Kemp also urged the audience to seek out a company that would celebrate achievements and individuality, not simply tolerate differences. “I can’t speak to a group of women and not include a Cindy Gallop quote,” she said, moving to her third piece of advice. “Cindy says we have to find a role or career path that gives us agency. And I agree wholeheartedly.”
Kemp found that her role can frequently involve challenging conversations and asking “difficult” questions. However, she strives to ask those questions in a way that is true to her values, which include kindness. “In challenging times, we must keep hold of our own distinctive point of view. And if we keep to our values and principles, we won’t go wrong.”
“My last point,” Kemp continued, “is to hold the door open. Do this for others and do it for yourself. As women, we should actively pursue influence.”
Without influence, one cannot powerfully advocate for change. She explained: “If you read some men in the industry’s LinkedIn profile, you might easily assume that he must run the country. A woman of similar experience might say she is ‘enthusiastic’. Wait: is this the profile of a labrador or a seasoned, experienced professional?”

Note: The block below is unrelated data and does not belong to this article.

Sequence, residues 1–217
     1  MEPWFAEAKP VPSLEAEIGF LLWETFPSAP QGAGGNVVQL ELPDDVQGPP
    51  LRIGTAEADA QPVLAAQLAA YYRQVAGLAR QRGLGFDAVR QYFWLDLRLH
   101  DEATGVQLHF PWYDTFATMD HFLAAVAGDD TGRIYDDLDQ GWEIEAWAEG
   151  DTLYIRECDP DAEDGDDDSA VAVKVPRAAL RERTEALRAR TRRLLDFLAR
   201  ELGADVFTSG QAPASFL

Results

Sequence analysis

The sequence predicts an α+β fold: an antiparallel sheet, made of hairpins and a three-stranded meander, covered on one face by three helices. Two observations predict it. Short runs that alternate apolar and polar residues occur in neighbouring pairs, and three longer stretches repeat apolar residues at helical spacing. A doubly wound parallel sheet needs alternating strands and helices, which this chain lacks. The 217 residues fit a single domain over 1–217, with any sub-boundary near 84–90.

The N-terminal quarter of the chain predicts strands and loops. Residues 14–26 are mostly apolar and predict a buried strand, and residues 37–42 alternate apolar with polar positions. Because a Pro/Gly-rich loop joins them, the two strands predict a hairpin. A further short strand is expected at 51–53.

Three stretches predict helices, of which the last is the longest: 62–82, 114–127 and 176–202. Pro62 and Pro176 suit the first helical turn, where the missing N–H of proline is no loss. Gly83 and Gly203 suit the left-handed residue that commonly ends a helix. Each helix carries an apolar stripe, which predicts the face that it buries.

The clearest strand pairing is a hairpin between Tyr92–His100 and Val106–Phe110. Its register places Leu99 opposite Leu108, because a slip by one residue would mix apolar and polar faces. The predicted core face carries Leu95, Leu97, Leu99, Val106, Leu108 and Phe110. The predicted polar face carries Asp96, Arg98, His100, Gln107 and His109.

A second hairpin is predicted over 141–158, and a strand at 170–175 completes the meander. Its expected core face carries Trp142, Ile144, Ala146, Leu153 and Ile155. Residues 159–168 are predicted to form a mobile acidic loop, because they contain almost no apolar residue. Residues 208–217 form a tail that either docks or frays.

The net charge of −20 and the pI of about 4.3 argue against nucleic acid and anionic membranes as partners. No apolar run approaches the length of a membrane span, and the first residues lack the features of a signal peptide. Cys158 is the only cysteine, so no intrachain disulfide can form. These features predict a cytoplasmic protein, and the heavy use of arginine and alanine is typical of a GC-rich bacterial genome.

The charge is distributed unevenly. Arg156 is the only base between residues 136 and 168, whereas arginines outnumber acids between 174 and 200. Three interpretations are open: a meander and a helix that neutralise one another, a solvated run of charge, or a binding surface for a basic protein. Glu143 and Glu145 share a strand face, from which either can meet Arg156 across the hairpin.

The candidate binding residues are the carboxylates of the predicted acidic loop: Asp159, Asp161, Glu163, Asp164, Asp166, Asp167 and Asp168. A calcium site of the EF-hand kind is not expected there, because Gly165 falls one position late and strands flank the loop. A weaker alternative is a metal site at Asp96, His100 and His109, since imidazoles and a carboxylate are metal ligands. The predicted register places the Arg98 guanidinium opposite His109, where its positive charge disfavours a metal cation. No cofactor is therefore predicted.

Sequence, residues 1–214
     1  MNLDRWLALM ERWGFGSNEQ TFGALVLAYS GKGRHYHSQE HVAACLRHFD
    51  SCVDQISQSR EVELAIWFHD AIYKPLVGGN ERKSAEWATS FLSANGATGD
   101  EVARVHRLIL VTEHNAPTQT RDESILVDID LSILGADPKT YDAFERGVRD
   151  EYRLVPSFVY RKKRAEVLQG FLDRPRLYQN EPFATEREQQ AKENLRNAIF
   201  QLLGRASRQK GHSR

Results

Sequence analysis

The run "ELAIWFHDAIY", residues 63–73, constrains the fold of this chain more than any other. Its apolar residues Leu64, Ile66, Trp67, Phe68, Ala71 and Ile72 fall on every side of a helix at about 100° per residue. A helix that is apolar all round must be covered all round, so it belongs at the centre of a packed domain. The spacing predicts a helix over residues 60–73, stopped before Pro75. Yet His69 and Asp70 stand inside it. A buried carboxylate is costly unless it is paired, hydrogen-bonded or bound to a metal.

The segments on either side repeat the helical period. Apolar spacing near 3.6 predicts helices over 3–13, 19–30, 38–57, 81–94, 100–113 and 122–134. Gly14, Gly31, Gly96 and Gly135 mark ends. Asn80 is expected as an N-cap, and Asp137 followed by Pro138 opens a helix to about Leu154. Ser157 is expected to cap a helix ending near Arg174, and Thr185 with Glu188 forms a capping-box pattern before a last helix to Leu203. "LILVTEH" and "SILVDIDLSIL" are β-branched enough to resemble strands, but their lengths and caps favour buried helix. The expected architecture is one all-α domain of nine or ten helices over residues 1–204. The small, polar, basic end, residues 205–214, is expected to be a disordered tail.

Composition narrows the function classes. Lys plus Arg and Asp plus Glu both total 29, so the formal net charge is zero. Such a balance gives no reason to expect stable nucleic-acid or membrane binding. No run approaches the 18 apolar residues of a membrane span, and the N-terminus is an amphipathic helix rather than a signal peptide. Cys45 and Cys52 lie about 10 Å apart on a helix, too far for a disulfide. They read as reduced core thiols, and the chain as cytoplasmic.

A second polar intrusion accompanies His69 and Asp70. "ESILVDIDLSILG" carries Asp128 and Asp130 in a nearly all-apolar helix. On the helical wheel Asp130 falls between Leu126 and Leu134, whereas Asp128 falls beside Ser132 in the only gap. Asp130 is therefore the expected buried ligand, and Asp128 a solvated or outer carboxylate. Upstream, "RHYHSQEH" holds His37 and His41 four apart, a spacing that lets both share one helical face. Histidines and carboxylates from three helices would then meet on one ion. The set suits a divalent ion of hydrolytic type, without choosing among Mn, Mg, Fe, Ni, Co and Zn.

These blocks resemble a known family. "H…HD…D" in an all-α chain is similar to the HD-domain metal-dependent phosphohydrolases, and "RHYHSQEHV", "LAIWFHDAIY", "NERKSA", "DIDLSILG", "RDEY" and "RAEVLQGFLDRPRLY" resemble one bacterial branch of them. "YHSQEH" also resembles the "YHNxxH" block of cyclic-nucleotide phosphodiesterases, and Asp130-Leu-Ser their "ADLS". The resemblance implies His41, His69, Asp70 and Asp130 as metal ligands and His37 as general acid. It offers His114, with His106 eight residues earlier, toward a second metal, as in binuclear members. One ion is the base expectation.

Kemp closed with a quote from Madeleine Morris, a senior creative and copywriter, who shared her experience of being made redundant in her fifties. Morris said: “I put my head in the sand. I worried I wasn’t good enough. I wasn’t perfect. My opinion wasn’t valid. I suffered from imposter syndrome, so I didn’t step up. I was shit at self-promotion and I was shackled by fear of failure. All things that women traditionally suffer from at work. So, from now on, I’m going to sing my own praises. I’m going to put my head up and take risks.”
Book recommendation: How Will You Measure Your Life? By Clayton M Christensen; Dogs Don’t Do Ballet by Anna Kemp
Jake Dubbins, managing director, Media Bounty
‘Don’t duck uncomfortable situations’
Dubbins explained how his career path took an unexpected turn when, many years ago, he suddenly lost his job when the boss was imprisoned for defrauding a bank: “We all lost our jobs with no notice and I suddenly found I couldn’t pay the mortgage.”
Out of this catastrophe, he and two others established their own agency. “My advice to you all is this: do not be afraid to get stuff wrong,” Dubbins said. “We’ve gotten so much wrong; we have run almost three different models of our business.
“And I want to talk about not ducking uncomfortable situations. I have learned over the years to try to grasp the nettle. I find the confidence to face hard conversations by reminding myself that I must do in order to be true to myself and to them.
“One of our business partners left the business recently. We danced around issues for years, feeling the elephant in the room, and it is a grind. We wake with the topic on our mind and go to bed with it still hanging over us. Be authentic, have the conversation and don’t be afraid to get it wrong.”